Britain gives USD 160 million to Syria aid
Britain gave an extra USD 160 million to help Syrian refugees as the European Union urged the UN Security Council to do more to ensure humanitarian access.
United Nations: Britain gave an extra USD 160 million to help Syrian refugees as the European Union urged the UN Security Council to do more to ensure humanitarian access.
The cash boost was announced by Deputy Prime Minister Nick Clegg yesterday at the UN General Assembly and takes Britain`s total aid to Syria relief operations to more than 500 million pounds (USD 800 million).
The United Nations says more than two million Syrians have fled to surrounding countries and about six million are displaced inside the country which has been at war for two and a half years.
Speaking at a meeting called by the European Union and Jordan on the Syrian humanitarian crisis, Clegg said he was pushing other countries to increase contributions to breach a multi-billion dollar shortfall for the United Nations` aid operation.
"The scale of what is unfolding in Syria is almost beyond comprehension and is certainly on a scale of humanitarian suffering that the world had not had to confront in a long period of time," Clegg told reporters.
US President Barack Obama on Tuesday, announced another USD 340 million in humanitarian aid for Syrians, bringing the US contribution to USD 1.3 billion.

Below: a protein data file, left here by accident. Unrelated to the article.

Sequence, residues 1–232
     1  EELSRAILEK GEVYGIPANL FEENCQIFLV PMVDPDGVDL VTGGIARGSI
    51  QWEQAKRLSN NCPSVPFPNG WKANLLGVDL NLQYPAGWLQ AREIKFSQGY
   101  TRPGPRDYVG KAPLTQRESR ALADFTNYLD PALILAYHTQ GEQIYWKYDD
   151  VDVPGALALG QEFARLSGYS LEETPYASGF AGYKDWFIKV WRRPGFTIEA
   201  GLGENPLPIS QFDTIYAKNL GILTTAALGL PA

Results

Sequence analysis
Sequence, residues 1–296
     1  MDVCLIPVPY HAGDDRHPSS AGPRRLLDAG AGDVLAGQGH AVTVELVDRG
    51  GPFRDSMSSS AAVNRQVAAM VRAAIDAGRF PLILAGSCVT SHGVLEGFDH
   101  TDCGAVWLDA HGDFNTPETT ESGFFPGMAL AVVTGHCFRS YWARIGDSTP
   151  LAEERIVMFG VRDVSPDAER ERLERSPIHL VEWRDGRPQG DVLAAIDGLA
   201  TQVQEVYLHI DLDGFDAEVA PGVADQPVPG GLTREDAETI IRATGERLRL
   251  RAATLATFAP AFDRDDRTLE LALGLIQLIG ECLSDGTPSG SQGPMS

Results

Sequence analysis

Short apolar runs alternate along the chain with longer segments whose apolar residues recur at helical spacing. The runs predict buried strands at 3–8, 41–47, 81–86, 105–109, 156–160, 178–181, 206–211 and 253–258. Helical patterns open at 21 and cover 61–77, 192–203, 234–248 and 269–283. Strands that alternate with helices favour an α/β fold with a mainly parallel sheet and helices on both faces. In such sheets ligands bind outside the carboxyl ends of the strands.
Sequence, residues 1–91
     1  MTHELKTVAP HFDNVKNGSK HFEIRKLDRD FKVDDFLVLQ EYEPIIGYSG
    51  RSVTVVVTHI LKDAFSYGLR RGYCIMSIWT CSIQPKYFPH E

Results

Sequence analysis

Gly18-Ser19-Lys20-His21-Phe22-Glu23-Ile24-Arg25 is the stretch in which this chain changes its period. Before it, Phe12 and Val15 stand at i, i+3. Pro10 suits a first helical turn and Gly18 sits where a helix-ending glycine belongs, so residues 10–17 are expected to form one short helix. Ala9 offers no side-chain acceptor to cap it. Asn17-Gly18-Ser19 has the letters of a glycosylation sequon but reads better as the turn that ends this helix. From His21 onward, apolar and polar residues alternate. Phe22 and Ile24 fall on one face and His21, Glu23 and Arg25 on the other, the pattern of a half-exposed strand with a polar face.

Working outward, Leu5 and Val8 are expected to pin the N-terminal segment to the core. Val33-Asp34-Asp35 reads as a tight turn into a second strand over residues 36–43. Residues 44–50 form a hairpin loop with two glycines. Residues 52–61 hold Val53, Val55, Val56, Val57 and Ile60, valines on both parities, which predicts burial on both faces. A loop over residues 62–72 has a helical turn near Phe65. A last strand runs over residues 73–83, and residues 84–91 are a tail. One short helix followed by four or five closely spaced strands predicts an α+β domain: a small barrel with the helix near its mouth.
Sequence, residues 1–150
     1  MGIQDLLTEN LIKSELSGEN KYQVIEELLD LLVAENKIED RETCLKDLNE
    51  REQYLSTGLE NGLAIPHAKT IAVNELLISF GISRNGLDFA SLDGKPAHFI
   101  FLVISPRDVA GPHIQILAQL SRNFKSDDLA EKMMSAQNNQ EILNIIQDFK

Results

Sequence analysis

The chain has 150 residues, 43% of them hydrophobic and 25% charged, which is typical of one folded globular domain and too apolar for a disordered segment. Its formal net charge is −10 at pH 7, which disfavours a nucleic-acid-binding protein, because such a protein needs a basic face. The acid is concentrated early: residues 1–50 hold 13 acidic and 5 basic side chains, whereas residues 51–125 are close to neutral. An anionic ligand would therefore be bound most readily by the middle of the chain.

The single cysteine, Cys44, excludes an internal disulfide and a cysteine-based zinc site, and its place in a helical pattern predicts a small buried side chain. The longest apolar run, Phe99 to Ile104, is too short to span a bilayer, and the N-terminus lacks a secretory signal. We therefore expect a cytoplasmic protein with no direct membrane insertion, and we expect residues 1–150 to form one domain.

EU aid chief Kristalina Georgieva warned that the only ultimate way to address the needs was to work to end the war, which the UN says has killed more than 100,000 people.
Georgieva said the conflict has become "madness for Syria and for the region."
The European Union and United States remain at loggerheads with Russia, Syrian President Bashar al-Assad`s main ally, on a Security Council resolution to accompany an agreement on chemical weapons.
A US-Russian agreement for Assad to give up his stockpile halted US calls for a military strike, but aid advocates warn that Syria`s troubles extend far beyond the chemical weapons crisis.
"We are not giving up on the Security Council at some point coming up with a binding resolution on humanitarian access. When this would take place, we shall see," Georgieva said.
"But this is the first crisis in modern times when the Security Council has not stated two simple things -- don`t kill civilians, don`t hurt the people who are there to help them," she said.
US President Barack Obama, addressing the UN General Assembly on Tuesday, announced another USD 340 million in humanitarian aid for Syrians, bringing the US contribution to USD 1.3 billion.